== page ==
Conversations in Community: Ea, Wakanda: Visualizing Black and Hawai‘i Futures

As part of our series of events for Black History / Black Futures Month 2018, we hosted a special panel conversation at the Arts at Mark's Garage in Honolulu's Chinatown Arts District.

Ea, Wakanda: Visualizing Black and Hawaiʻi Futures utilizes the themes and visuals of Marvel Studios's Black Panther to frame a conversation exploring the place and promise of futurism in communities of color, the power of collective imagination and artmaking, and the potential for exchange among the once colonized. This conversation centers the histories, struggles, and collective futures of the people of Hawaiʻi and the African diaspora.

Noelani Goodyear-Ka’ōpua is an associate professor in the Department of Political Science at the University of Hawaiʻi at Mānoa. Her research focuses on Indigenous and Native Hawaiian politics, with an emphasis on education, social movements, Indigenous resurgence, and Indigenous futures. Her writing and research work is one aspect of a lifetime commitment to aloha ʻāina.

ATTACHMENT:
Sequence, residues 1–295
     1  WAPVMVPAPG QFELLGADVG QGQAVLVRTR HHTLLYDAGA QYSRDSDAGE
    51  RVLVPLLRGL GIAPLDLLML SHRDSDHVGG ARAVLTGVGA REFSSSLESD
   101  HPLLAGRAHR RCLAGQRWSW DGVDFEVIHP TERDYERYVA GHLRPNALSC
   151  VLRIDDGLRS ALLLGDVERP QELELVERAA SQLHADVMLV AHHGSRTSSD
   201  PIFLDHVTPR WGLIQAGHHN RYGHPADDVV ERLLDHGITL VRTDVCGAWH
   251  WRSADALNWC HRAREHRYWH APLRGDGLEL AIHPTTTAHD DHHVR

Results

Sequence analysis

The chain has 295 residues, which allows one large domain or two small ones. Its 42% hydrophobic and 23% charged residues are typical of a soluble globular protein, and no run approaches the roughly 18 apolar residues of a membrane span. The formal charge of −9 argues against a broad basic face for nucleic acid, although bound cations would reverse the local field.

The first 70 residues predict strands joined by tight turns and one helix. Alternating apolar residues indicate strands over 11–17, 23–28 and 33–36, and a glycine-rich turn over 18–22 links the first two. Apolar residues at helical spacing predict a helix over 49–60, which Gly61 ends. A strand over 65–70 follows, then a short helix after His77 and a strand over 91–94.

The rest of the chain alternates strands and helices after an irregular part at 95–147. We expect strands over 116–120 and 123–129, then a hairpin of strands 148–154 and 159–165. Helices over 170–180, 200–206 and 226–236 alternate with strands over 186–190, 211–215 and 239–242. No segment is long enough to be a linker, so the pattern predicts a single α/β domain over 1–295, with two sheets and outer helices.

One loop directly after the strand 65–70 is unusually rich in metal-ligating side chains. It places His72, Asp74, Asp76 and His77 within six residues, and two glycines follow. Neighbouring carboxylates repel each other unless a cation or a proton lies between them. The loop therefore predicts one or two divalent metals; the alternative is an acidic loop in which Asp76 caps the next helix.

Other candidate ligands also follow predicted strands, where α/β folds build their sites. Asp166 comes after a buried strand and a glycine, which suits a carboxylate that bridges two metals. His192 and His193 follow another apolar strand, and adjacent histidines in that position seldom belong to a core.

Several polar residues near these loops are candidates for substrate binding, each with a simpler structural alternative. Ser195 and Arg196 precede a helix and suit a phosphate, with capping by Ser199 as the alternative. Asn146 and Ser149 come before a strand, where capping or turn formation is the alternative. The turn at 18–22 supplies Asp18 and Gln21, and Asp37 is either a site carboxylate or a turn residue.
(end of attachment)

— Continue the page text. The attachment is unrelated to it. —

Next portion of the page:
Prentis Hemphill is a healer, Somatics practitioner, teacher, writer and organizer who works at the intersections of healing and justice. As the former Healing Justice Director at Black Lives Matter, Prentis committed to supporting and nurturing the brilliant strategies of organizers and healers to address trauma, move through conflict and center wholeness in the BLM network and in the broader movement for Black freedom and liberation.

David A.M. Goldberg is a writer, teacher, programmer and media developer who has used a lifelong interest in art, culture and technology to transform the means by which people access, assess and organize knowledge. Currently he writes art and culture pieces for the Honolulu Star Advertiser, programs and manages local and mainland web development projects, teaches in the department of American Studies at the University of Hawai’i at Mānoa, and independently develops curriculum.

Moderated by Dr. Akiemi Glenn, Executive Director of The Pōpolo Project.

The Pōpolo Project: Documenting the Black Experience in Hawaiʻi (Hawai‘i Public Radio)

Black people have a long history in Hawai’i dating back to the 19th century. The state’s more than 21,000 blacks make up a little over 3 percent of the population. That compares to a national average of 13 percent and ranks Hawai’i 39th among all state in the percentage of its population that is black. These numbers are just one reason for such a unique experience for black cultures here in Hawai’i. HPR’s Ku’uwehi Hiraishi has this story.

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